Amid the turmoil of the declining investment sales market, several prominent brokers at mid-sized firms have left their positions and others have changed companies in search of closing deals in recent months.
Eyal Alfi, a former senior vice president at Washington Mutual who was hired in late 2007 as president of GFI Realty Services, left the real estate company in January, said Lon Rubackin, the new head of the investment sales division, and managing partner of the GFI Retail Group. He added that it was a “mutual agreement.”
Along with Alfi, another six brokers left the company, bringing the total number of agents at the firm to about 20 from a 2007 high of around 35, Rubackin said. With the investment sales market down by about 70 percent, it was to be expected that the numbers of brokers would thin out, he said.
“It is certainly related to the economy. Our deal flow has slowed,” he said. “The lower half of the brokerage group gets frustrated and they give up. They want to change venues or get out of the business all together.”
The cutbacks at GFI Realty were mirrored in a handful of other firms in the part of the investment market involving deals below $100 million, such as Marcus & Millichap Real Estate Investment Services, Extreme Realty and Capin & Associates. A new firm, Onyx Real Estate Advisors, has closed its office.
Over the past 12 months, Marcus & Millichap has seen the number of agents fall to 43 from 51 a year ago, said Edward Jordan, the regional manager for the company’s Manhattan office.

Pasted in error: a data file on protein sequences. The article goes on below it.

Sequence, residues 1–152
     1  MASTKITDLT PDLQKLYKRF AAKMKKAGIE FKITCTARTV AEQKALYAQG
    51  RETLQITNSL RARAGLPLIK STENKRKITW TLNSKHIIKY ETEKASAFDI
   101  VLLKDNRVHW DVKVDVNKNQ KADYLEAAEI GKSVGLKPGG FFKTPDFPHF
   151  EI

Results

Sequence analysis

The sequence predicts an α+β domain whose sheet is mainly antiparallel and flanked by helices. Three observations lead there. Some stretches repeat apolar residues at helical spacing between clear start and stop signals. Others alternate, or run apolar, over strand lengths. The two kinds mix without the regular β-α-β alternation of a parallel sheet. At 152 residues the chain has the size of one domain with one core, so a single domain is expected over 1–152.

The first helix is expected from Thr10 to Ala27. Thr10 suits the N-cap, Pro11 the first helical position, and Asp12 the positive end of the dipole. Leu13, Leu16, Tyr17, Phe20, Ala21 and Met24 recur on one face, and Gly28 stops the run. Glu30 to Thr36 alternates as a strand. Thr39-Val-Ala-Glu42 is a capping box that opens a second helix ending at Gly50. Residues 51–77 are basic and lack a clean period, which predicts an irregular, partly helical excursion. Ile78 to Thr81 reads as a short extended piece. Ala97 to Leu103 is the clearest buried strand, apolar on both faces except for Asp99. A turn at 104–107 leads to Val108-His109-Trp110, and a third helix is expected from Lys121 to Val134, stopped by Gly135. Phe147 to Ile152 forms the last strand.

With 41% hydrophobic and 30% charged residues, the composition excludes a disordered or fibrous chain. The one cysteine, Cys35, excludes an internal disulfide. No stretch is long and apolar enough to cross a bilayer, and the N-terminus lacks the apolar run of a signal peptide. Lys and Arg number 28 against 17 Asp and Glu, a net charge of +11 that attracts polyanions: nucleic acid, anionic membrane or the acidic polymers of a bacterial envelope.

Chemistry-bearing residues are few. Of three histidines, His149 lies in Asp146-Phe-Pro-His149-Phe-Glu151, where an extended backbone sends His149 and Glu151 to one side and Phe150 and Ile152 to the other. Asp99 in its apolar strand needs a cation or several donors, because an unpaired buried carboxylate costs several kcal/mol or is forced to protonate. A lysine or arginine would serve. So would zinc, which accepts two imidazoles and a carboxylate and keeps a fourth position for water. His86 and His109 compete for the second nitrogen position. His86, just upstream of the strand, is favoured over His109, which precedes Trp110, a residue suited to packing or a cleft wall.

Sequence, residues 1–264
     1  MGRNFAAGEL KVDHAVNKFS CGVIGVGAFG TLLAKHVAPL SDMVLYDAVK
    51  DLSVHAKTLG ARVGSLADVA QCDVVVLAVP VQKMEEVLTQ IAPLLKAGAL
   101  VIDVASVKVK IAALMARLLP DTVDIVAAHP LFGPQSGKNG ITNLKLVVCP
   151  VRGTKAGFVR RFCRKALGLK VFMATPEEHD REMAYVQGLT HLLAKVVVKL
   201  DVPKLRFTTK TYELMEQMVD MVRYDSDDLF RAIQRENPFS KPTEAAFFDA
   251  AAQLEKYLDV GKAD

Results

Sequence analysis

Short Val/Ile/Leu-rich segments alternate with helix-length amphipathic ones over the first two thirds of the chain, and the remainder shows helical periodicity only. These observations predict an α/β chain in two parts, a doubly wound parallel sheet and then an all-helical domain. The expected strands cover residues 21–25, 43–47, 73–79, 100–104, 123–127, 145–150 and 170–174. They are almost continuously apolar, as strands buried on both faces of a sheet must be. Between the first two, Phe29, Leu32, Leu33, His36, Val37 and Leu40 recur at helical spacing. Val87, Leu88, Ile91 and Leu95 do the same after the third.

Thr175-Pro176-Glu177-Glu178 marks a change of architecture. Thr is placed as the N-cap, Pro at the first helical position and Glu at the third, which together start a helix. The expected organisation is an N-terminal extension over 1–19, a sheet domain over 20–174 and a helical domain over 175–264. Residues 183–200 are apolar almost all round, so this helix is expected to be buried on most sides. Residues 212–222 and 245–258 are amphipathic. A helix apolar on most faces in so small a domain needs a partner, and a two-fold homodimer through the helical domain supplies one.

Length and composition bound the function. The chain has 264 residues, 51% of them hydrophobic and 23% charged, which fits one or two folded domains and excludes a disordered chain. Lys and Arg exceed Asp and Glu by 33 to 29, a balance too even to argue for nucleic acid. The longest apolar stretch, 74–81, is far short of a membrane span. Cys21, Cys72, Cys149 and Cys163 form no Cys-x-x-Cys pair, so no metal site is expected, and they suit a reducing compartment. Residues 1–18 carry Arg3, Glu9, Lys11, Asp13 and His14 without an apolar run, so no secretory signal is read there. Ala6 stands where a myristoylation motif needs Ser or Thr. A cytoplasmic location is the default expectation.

Brokers Hal Fuchs and Morris Arlos left Marcus & Millichap and went to Besen & Associates in February, Besen chief marketing office Ronald Cohen said.
The current total of 43 brokers at Marcus & Millichap includes two recent hires from CB Richard Ellis and two from other firms over the last three months, Jordan said.
“There were a number of agents in the industry that came to trade real estate like a commodity, but as the market shifted there is more value added in the relationship model. We made a strategic decision to move some agents out who are not committed [to that model],” he said.
One of the most severe staff reduction in recent months has been at Extreme Realty in Chelsea, which has cut the number of brokers from about 30 to “the high teens,” said the company’s founding partner Joel Radmin.
“It is just a lot less transactions,” he said.
Capin & Associates laid off one broker, but the firm’s president Luca Capin, said he was replaced so there was no reduction in head count.
Onyx Real Estate Advisors, a new firm founded by three former Besen & Associates brokers in December, has closed its sole office in Greenwich Village and shut down its telephones and Web site. But the company, which is involved in a trademark dispute over its name, is not closing, according to managing principal Christen Portelli.
“Due to the trademark issue, we are relaunching shortly under a different name and simultaneously moving offices,” she said. Portelli did not provide the new company name or address, which she said she expected to disclose shortly, although she did not give a specific time frame.
Despite the poor economy, some firms are expanding.
Besen & Associates has increased the number of agents in the New Year. Ronald Cohen, chief marketing officer at Besen & Associates, said the number of brokers at that firm has risen to 35 from a low of 25 in mid-2008, and they are still hiring.
Seven brokers joined the firm in February, including two from Marcus & Millichap and five from GFI Realty.
“In light of the current market conditions there does seem to be a bit of musical chairs going on,” Cohen said.